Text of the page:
Haqqani Network's No. 2 Leader Killed in Drone Strike in Pakistan

Image: Haqqani Network's No. 2 Leader Killed in Drone Strike in Pakistan

Friday, 22 Nov 2013 01:26 PM

By Clyde Hughes

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A U.S. drone strike in Pakistan early Thursday has reportedly killed the No. 2 leader in the dangerous Haqqani network of the Taliban.

Pakistan security officials told NBC News that Maulvi Ahmad Jan, an adviser to Haqqani network leader Sirajuddin Haqqani, was among those killed in the strike that included five Taliban leaders. 

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"Yes it's true, we lost another valuable figure this morning," a senior Haqqani official said.

The Haqqanis are "the Kennedys of the Taliban movement," according to one Western official, because of its wealth and strong ties are with local tribes.

The Haqqanis, based in Pakistan, are blamed for more than 2,000 deaths of U.S. soldiers in Afghanistan, NBC News reported.

The Pakistani Taliban is responsible for more than 40,000 civilian deaths and 5,000 soldiers' deaths during its insurgency against the Pakistan government.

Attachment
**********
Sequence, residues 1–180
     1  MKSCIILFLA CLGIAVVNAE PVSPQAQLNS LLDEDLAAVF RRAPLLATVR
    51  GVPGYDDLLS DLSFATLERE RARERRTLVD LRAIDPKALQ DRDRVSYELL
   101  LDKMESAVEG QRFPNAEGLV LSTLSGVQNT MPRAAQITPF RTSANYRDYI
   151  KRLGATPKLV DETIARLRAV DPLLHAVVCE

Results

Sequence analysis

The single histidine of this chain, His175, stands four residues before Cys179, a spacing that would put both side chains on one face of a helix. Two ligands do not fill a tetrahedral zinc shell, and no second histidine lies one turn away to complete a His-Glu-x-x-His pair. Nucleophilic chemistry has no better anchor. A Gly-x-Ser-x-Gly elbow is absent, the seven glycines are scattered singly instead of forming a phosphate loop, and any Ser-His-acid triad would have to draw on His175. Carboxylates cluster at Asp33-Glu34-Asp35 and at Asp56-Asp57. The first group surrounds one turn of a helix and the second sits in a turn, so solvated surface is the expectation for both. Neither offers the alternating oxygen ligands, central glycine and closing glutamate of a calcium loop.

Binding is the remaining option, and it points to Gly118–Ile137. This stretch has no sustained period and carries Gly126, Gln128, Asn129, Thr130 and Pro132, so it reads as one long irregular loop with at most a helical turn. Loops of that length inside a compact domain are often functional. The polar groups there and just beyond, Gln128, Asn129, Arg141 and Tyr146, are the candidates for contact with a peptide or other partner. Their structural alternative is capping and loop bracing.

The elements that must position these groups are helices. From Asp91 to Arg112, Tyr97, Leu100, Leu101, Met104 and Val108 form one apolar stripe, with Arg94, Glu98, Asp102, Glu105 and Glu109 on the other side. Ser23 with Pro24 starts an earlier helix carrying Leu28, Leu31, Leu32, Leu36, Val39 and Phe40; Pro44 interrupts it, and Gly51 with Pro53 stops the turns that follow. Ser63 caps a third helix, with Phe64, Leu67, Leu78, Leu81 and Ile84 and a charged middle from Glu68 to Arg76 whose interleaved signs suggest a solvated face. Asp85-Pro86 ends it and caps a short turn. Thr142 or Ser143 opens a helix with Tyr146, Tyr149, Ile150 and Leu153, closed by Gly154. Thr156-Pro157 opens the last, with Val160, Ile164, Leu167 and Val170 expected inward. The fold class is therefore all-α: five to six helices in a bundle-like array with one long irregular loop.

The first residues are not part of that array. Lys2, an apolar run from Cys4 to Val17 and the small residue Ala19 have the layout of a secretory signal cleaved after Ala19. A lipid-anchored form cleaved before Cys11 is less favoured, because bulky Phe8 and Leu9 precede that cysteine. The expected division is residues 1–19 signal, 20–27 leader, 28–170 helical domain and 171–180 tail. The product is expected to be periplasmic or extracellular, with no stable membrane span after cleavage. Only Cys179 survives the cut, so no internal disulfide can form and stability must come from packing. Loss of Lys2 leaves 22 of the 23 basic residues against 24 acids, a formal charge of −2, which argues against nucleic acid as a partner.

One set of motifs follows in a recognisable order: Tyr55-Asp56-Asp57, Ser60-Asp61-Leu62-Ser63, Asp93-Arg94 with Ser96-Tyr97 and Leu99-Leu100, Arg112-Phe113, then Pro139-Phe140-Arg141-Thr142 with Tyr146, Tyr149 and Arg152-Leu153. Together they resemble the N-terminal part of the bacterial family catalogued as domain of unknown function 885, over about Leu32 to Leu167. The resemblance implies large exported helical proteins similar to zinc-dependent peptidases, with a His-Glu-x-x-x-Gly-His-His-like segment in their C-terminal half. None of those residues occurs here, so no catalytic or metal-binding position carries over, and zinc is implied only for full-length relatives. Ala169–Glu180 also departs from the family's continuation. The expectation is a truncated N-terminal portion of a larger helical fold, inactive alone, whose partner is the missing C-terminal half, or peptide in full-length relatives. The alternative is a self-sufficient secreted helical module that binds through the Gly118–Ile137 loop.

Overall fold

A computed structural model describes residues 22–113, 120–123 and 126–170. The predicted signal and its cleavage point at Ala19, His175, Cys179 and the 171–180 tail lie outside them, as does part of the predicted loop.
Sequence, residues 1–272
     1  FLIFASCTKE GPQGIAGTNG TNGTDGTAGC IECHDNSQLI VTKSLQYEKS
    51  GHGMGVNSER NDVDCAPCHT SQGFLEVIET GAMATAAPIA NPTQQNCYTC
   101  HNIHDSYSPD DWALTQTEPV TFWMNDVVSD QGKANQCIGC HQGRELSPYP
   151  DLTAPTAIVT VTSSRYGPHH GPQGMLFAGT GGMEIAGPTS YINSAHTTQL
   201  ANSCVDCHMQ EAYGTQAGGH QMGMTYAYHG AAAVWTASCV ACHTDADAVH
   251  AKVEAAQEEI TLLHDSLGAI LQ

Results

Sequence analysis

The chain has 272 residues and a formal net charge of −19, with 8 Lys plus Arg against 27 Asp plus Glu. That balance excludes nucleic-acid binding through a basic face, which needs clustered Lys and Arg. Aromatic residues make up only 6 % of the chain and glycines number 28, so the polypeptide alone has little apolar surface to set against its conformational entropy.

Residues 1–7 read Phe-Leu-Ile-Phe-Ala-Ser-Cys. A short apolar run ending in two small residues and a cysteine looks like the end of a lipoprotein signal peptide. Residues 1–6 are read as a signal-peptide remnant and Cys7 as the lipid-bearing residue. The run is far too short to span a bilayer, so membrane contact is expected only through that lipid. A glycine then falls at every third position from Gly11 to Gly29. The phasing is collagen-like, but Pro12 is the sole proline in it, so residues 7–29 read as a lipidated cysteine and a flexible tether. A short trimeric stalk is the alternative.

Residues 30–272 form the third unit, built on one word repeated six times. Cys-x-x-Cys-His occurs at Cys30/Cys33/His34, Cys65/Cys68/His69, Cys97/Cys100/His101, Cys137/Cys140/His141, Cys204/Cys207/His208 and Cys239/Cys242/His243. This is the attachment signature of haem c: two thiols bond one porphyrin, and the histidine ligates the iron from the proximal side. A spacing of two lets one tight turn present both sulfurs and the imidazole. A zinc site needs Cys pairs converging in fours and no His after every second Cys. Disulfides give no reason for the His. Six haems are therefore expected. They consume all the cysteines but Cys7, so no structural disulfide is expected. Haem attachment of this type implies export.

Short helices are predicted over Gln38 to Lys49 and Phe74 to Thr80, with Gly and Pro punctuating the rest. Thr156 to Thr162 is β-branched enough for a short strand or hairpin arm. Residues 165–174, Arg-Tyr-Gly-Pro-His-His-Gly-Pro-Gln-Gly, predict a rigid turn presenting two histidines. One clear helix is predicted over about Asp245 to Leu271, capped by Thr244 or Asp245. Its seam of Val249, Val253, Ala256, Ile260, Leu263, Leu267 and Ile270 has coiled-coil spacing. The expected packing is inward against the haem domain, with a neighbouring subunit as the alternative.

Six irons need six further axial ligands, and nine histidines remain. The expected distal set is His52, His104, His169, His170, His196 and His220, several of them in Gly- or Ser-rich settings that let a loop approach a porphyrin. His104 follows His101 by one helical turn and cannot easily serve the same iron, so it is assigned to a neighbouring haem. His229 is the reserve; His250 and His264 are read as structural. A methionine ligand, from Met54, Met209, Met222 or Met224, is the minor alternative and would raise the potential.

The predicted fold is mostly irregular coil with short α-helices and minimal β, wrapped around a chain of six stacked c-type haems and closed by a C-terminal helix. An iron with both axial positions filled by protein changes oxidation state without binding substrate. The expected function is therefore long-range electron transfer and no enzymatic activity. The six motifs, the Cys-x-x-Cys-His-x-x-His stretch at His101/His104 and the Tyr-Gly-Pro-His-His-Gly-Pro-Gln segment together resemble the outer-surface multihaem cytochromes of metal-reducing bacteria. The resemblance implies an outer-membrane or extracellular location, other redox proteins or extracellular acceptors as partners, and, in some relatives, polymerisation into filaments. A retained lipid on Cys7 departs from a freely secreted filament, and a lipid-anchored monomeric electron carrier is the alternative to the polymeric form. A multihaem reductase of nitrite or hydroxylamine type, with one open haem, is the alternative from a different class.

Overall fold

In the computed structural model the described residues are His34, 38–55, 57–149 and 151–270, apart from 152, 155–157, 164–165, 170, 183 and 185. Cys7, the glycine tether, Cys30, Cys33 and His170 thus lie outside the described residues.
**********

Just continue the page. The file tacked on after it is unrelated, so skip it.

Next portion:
"The Taliban militants did not allow even local residents to go and see what had happened," witness Amjad Hussain told NBC News. "They blocked nearby streets leading towards the madrassa."

Hussain said that dozens of the militants arrived after the strike, closing off the area. Residents said the drone fired four rockets into the madrasa in Pakistan's Waziristan tribal region at 5:40 a.m. local time, 7:40 p.m. Wednesday ET.

It is the first U.S. drone strike in Pakistan since the Nov. 1 strike against Pakistani Taliban chief Hakimullah Mehsud, which created a power struggle in the insurgency.

"Initially we thought that a suicide bomber had hit the madrasa but later we confirmed it was a drone attack,” a security official said.

Officials said Taliban commanders Maulana Ghazi Marjan, Maulana Hameedullah, Maulana Abdur Rahman and Maulana Abdullah died as well. Haqqani's top financier, Nasiruddin Haqqani was killed in Islamabad on Nov. 11.

"The Haqqani network has been fighting for 35 years,” Anatol Lieven of King's College London told NBC News. "Anyone who thinks these people can be deterred by death has not been paying attention. The idea that they might surrender is fatuous."

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